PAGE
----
Planned changes to hedge accounting near completion

The FASB on March 22, 2017, agreed to make it easier to determine the effectiveness of certain risk management strategies, essentially completing the most detailed phase of its effort to update the hedge accounting guidance in U.S. GAAP.

The FASB’s planned changes are based on the September 2016 Proposed Accounting Standards Update (ASU) No. 2016-310, Derivatives and Hedging (Topic 815): Targeted Improvements to Accounting for Hedging Activities. The board’s research staff expects to draft the final version of the amendments and bring them to the board in May for a last round of debate on questions that cropped up during drafting. The board is also scheduled to determine the effective date for the accounting changes and the method for making the transition to the new guidance, FASB project supervising project manager Jeff Gabello said.

The FASB plans to publish the final update by the end of 2017.

The March 22 discussion focused on a narrow part of an essential piece of qualifying for hedge accounting — determining the effectiveness of a hedging transaction.

A unanimous board agreed that a cross currency basis spread, which is the difference in the credit risk between the two parties in a specialized type of foreign exchange transaction, be added to the list of items that can be excluded from assessments of a hedge contract’s effectiveness. Option premiums, which measure what an investor earns for selling an option, and forward points currently are the only items that can be excluded. A forward point is the premium or discount on a foreign currency forward contract.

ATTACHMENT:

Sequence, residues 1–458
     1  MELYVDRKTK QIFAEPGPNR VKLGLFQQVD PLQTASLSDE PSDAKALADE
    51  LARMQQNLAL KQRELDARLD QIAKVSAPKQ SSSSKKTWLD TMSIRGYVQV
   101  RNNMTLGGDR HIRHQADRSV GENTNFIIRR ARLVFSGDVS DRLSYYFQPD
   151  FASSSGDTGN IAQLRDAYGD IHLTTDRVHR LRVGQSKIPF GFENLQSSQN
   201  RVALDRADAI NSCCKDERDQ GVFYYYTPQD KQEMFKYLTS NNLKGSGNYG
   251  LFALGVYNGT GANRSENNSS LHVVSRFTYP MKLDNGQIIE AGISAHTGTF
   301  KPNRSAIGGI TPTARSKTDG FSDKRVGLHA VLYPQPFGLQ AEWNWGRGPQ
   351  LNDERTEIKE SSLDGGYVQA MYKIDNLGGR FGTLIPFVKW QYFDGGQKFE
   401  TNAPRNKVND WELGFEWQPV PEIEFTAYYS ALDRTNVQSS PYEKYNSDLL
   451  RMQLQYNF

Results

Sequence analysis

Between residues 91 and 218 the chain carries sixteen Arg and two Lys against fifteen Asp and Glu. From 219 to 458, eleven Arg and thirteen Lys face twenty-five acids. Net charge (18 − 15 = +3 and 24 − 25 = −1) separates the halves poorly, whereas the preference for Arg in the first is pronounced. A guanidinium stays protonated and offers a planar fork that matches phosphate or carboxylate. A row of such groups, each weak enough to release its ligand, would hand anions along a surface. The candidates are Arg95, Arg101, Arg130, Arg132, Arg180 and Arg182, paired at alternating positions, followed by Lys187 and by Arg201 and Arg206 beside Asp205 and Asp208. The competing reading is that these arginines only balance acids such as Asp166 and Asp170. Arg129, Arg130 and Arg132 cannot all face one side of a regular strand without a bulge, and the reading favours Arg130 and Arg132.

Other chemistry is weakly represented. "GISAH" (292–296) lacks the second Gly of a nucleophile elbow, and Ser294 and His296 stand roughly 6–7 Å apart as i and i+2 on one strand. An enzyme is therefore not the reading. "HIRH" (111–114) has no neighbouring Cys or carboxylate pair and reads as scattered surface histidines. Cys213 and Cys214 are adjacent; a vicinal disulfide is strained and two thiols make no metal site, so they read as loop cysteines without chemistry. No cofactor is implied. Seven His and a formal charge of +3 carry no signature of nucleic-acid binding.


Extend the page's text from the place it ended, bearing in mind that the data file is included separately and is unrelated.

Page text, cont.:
“Staff has learned that some companies will not execute currency swaps to hedge FX [foreign exchange] risk because of the volatility that results from currency basis spreads, even though the currency swap may be the best risk mitigation tool available,” a FASB staff member told the board. Some businesses “tolerate” the income statement swings, even though they do not believe they reflect economic reality. Businesses explain the volatility to investors using non-GAAP measures, the staff member said.

Adding the spreads to the list of items that can be excluded from the effectiveness test will align the accounting with the economics of the transactions, the FASB agreed.

In addition, the FASB agreed that businesses can record changes in the fair value of excluded components of the contract in other comprehensive income. The initial value of the component would be amortized to earnings over the life of the derivative on a “systematic and rational basis.” Businesses would have the option, however, to record changes at fair value in earnings.

A unanimous FASB agreed. FASB member Marc Siegel was absent for the meeting, but FASB Chairman Russell Golden read his vote aloud.

“He is supportive of the option in this case although he is not a fan of options, and there are many options within the hedging model, which in and of itself is an option,” Golden said.

For more information on this topic, or to learn how Baker Tilly accounting and assurance specialists can help, contact our team.


We have partnered with Thomson Reuters to issue our monthly Accounting insights. Please feel free to contact Baker Tilly at accounting@bakertilly.com if you have any questions related to these articles or Baker Tilly's Accounting and Assurance Services. © 2017 Thomson Reuters/Tax & Accounting. All Rights Reserved.